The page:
She is also a gifted teacher who genuinely wants to share her knowledge with you. As we approached the tent we knew that classes were going on. As luck would have it, Dale was teaching a class to one student and they graciously invited us to come in and join them. We were greeted by a woman with bright sparkling eyes and a warm open smile. She immediately inspected my wire sculpted pendant and, as a true teacher, happily shared some different ways to make bails with us. Beba gave one of her flowerstone pendants to Dale as a gift of appreciation.
Just like the rock star that she is, Dale consented to having her picture taken with us and we were awestruck!!!! Please get to know Dale at www.cougarscreations.com.
RYSZARD & LYNN KRUKOWSKI
We found Lynn & Ryszard quite by accident. Beba spotted the FIRE AGATE ART STUDIO sign and, not knowing a great deal about Fire Agate, we decided to go in and investigate. The room we entered was radiating with lovely shining stones displaying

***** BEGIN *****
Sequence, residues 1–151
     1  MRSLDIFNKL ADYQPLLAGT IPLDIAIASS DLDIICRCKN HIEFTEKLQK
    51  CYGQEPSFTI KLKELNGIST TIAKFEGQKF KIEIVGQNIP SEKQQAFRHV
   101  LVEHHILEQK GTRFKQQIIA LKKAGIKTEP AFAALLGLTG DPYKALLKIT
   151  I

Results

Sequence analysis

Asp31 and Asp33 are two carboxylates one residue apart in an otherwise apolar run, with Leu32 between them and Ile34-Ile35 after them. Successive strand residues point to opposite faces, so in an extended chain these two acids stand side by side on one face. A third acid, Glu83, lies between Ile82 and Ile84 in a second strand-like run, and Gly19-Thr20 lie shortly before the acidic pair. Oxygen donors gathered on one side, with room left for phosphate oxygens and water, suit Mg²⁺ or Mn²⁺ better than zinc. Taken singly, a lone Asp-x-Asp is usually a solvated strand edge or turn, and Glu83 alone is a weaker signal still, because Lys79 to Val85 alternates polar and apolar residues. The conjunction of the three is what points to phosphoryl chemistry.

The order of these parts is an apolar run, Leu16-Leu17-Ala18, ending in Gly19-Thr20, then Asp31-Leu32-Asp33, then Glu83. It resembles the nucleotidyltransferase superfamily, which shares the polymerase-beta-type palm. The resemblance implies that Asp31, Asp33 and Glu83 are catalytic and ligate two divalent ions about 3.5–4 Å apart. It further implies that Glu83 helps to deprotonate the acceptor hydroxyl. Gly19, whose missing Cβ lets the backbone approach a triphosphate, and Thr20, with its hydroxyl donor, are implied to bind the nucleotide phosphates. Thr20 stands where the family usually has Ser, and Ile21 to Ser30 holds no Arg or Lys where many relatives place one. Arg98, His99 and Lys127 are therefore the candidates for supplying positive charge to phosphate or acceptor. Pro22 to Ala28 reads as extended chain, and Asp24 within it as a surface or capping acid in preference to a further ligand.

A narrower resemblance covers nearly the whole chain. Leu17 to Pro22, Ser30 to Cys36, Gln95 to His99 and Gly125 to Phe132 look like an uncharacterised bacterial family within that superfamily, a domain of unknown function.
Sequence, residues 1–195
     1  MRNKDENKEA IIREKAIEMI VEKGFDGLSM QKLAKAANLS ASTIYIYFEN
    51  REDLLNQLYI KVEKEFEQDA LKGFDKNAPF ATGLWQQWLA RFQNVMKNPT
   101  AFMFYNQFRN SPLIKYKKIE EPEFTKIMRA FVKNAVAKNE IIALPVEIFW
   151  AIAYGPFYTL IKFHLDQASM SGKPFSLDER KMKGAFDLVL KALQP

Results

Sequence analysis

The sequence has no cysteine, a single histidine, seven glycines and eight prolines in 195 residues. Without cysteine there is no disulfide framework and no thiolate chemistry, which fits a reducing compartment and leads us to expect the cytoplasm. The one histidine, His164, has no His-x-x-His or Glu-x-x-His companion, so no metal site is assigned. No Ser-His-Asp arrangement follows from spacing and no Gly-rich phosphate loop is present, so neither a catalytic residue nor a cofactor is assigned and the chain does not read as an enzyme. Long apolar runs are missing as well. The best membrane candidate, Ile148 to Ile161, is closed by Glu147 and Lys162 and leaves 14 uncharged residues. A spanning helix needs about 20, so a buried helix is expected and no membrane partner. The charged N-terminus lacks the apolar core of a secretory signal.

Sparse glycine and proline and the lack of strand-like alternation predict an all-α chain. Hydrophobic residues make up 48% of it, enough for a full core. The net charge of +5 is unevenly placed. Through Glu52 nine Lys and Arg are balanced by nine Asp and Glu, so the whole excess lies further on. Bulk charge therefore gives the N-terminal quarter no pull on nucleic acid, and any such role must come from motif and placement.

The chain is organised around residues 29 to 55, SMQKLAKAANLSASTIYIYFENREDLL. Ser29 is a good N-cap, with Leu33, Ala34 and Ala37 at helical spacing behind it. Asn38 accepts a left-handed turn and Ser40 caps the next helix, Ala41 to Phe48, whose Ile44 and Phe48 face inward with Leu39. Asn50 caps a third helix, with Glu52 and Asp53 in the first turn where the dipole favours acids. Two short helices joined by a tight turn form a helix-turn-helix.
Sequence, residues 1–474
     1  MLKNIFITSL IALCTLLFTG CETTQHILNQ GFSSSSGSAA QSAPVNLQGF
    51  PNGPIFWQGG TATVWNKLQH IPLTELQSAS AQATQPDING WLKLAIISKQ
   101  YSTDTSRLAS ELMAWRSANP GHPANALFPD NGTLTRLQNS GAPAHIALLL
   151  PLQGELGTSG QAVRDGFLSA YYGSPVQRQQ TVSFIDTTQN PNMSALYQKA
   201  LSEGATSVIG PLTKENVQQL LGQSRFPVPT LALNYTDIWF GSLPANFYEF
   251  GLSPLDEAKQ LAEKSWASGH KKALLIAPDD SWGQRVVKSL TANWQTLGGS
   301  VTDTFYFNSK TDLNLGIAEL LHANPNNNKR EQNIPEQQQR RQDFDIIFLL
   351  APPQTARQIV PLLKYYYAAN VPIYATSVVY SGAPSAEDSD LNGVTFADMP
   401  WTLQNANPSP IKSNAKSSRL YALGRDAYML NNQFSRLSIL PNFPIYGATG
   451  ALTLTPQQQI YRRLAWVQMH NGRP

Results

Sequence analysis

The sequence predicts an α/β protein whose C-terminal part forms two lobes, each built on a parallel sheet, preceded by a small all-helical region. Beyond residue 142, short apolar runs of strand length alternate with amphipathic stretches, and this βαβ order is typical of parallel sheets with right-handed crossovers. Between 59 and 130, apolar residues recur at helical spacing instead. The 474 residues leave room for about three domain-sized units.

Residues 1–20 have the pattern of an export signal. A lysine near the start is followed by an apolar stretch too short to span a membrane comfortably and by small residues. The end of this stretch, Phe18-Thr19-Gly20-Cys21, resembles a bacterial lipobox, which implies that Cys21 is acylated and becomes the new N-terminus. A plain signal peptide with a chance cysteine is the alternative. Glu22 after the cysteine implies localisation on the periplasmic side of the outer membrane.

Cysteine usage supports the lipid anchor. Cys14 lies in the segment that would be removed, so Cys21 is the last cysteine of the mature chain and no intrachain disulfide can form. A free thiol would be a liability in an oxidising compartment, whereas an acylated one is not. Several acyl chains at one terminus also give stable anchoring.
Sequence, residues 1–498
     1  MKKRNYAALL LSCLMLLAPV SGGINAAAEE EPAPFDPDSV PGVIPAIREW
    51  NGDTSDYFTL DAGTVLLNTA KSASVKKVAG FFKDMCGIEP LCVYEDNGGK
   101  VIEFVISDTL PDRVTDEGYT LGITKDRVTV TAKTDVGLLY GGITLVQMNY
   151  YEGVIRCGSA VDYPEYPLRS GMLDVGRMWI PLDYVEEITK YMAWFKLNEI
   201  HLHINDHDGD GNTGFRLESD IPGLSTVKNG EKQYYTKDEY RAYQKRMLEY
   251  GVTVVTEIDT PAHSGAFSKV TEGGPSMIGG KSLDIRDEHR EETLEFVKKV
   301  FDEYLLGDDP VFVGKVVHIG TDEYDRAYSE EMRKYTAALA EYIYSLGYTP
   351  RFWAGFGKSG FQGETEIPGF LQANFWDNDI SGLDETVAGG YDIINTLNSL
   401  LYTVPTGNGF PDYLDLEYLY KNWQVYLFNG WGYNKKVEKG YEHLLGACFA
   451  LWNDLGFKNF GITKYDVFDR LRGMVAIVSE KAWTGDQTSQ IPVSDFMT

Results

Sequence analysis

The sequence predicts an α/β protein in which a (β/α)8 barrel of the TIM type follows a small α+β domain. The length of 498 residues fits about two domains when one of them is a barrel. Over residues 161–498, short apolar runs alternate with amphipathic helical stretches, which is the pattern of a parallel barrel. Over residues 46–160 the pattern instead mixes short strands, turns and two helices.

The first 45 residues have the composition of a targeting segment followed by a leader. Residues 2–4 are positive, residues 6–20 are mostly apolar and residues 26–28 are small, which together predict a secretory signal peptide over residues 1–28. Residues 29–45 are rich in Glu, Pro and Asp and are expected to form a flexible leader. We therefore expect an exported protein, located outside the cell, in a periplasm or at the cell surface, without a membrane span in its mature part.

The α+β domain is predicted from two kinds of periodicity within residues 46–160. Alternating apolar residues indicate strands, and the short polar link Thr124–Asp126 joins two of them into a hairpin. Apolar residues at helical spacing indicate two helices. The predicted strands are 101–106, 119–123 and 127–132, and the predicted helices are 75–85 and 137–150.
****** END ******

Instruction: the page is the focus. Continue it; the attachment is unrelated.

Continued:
amazing rainbows of colour. Beba saw an extremely beautiful stone under the glass and asked if we could examine it more closely. As we were admiring the agate, I asked how much it cost. The answer $1700.00. OOOPs can’t afford that one!!! Obviously we did not know enough about the value of Fire Agate.
We continued to visit with Lynn and Ryszard and somehow the fact that we were from Vancouver Island was mentioned. To our surprise, Lynn said,”Oh, we are from Bowen Island.” Small World !!!! Ryszard then took us out to where we belonged… in the back with the raw rock. We found our way to the $5.00 and $10.00 buckets!!! Just right!!!
Fire Agate, as Ryszard explained is formed as nodules in the pockets of void spaces of volcanic rhyolite. Due to hydrothermal activity a mixture of molten silica and impurities fills the spaces in the rhyolite. Botryoidals (grapelike clusters) form infused with colour. A milky or clear chalcedony cap forms over the Fire Agate safely preserving it. Fire Agate was first documented in the 40’s and 50’s and has a hardness of 6.5-7. Ryszard explained that is a difficult stone to cut due to the colour being trapped in the grape like clusters. He uses Dental drills and bits to follow each nodule, and contour and layer to maintain the grape effect and the colour.